Epic was responding to a post on the subreddit of the Phoenix Point game, which was recently revealed to be an Epic Games Store timed exclusive. Vogel also pointed to the open source code behind features like the anonymized hardware survey, the Unreal Editor, and the Chromium-based launcher UI, which he said cause most of what the original post identifies as "sketchy" app activity. But it's clear that Epic might not have been as ready as it thought to release a game launcher that could compete with Steam.
A handful of other features, like automated refunds, gifting, and an Android store are all listed as TBD.
Additionally, the launcher scans active processes to prevent any games that are now running from updating, and none of this information is sent to Epic, according to Vogel.
"The Steam Client locally saves data such as the list of games you own, your friends list and saved login tokens (similar to information stored in web browser cookies)", wrote Lombardi.
Epic Games CEO Tim Sweeney eventually chimed in to explain that "the current implementation is the result of a system that was built quickly and then rapidly modified before launch".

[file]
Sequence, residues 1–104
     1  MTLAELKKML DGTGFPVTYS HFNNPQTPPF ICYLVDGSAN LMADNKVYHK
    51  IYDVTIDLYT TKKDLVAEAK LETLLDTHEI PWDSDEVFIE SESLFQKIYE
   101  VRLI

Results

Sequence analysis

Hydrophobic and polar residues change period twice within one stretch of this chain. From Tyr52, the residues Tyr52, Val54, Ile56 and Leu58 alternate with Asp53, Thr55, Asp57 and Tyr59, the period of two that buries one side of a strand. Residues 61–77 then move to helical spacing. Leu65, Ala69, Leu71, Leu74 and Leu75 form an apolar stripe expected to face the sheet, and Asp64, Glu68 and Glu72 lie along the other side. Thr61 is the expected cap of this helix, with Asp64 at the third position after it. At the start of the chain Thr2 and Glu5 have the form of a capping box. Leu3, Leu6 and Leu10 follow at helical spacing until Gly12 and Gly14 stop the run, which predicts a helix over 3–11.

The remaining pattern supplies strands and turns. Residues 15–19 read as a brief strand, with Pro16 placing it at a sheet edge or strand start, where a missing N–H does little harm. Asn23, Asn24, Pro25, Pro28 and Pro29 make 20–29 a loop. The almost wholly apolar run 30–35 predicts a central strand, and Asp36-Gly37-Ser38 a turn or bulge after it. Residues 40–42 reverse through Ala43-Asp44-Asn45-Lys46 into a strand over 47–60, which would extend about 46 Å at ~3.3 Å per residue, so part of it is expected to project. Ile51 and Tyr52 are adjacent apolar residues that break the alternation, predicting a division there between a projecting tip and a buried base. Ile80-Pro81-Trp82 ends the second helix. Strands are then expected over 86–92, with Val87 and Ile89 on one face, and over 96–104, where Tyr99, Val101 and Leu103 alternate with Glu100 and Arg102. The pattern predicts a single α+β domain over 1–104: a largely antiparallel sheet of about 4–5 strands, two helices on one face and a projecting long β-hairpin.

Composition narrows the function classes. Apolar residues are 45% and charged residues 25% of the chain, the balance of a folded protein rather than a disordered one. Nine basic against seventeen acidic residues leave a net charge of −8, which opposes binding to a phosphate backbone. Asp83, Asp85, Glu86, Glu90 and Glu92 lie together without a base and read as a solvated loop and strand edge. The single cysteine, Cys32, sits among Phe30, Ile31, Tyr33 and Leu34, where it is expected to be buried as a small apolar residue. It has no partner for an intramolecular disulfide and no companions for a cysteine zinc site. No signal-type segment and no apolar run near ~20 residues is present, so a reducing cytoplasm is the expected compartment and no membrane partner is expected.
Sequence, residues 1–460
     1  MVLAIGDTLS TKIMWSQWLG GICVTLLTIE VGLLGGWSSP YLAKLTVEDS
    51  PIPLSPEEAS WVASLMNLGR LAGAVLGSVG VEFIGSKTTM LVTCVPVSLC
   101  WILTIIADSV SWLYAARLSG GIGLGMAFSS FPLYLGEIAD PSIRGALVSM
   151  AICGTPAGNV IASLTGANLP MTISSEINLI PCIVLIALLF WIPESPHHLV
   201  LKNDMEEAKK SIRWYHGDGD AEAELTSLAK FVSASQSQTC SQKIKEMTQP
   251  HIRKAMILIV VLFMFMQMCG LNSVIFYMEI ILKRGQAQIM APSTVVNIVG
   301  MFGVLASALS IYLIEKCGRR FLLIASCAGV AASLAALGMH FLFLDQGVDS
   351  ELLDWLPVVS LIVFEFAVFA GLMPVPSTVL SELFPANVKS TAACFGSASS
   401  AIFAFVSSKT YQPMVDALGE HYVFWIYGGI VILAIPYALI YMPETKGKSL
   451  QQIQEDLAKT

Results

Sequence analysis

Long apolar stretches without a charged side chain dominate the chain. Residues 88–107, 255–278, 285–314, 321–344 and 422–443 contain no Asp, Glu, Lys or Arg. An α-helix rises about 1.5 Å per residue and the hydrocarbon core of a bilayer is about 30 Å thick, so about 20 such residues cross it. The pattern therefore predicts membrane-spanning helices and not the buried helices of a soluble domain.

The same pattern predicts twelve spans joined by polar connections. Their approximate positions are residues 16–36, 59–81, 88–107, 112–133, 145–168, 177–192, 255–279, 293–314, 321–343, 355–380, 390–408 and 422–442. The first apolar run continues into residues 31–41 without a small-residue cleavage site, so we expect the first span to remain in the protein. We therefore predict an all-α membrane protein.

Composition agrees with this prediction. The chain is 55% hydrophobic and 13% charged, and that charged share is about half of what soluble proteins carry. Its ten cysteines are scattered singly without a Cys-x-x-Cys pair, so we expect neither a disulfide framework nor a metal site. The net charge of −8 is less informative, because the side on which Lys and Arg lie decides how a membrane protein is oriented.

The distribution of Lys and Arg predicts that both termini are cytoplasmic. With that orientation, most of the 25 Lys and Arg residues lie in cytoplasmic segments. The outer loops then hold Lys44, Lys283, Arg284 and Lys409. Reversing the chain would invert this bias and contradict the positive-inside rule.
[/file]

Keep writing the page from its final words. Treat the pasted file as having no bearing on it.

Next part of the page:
You guys are right that we ought to only access the localconfig.vdf file after the user chooses to import Steam friends. "Since this issue came to the forefront we're going to fix it".
A Valve spokesperson told Bleeping Computer that it is "looking into what information the Epic launcher collects from Steam". This file in particular contains friend data, games owned on the account and when each title was last booted. The encryption is not to cover this fact up, but to secure it and send hashed friend IDs when the import process has been executed.
Still, Sweeney acknowledged that Epic making local access to Steam files without direct permission might justifiably rub some users the wrong way.